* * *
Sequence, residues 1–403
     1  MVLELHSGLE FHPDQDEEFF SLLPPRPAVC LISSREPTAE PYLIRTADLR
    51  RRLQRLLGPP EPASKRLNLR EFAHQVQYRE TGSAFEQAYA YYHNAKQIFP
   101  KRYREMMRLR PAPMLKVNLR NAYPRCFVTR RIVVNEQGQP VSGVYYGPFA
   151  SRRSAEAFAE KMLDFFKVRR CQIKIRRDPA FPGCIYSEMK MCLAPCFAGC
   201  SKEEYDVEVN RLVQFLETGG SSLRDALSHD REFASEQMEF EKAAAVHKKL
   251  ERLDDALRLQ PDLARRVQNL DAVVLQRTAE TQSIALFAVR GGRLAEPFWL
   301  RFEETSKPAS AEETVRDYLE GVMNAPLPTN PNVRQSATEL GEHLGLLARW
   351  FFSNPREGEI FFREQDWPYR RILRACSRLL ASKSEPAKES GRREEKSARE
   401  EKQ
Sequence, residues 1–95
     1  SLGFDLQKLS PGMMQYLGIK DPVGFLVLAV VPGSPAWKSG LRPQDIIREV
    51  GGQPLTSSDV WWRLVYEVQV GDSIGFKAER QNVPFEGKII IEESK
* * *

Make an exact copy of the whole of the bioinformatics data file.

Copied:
Sequence, residues 1–403
     1  MVLELHSGLE FHPDQDEEFF SLLPPRPAVC LISSREPTAE PYLIRTADLR
    51  RRLQRLLGPP EPASKRLNLR EFAHQVQYRE TGSAFEQAYA YYHNAKQIFP
   101  KRYREMMRLR PAPMLKVNLR NAYPRCFVTR RIVVNEQGQP VSGVYYGPFA
   151  SRRSAEAFAE KMLDFFKVRR CQIKIRRDPA FPGCIYSEMK MCLAPCFAGC
   201  SKEEYDVEVN RLVQFLETGG SSLRDALSHD REFASEQMEF EKAAAVHKKL
   251  ERLDDALRLQ PDLARRVQNL DAVVLQRTAE TQSIALFAVR GGRLAEPFWL
   301  RFEETSKPAS AEETVRDYLE GVMNAPLPTN PNVRQSATEL GEHLGLLARW
   351  FFSNPREGEI FFREQDWPYR RILRACSRLL ASKSEPAKES GRREEKSARE
   401  EKQ
Sequence, residues 1–95
     1  SLGFDLQKLS PGMMQYLGIK DPVGFLVLAV VPGSPAWKSG LRPQDIIREV
    51  GGQPLTSSDV WWRLVYEVQV GDSIGFKAER QNVPFEGKII IEESK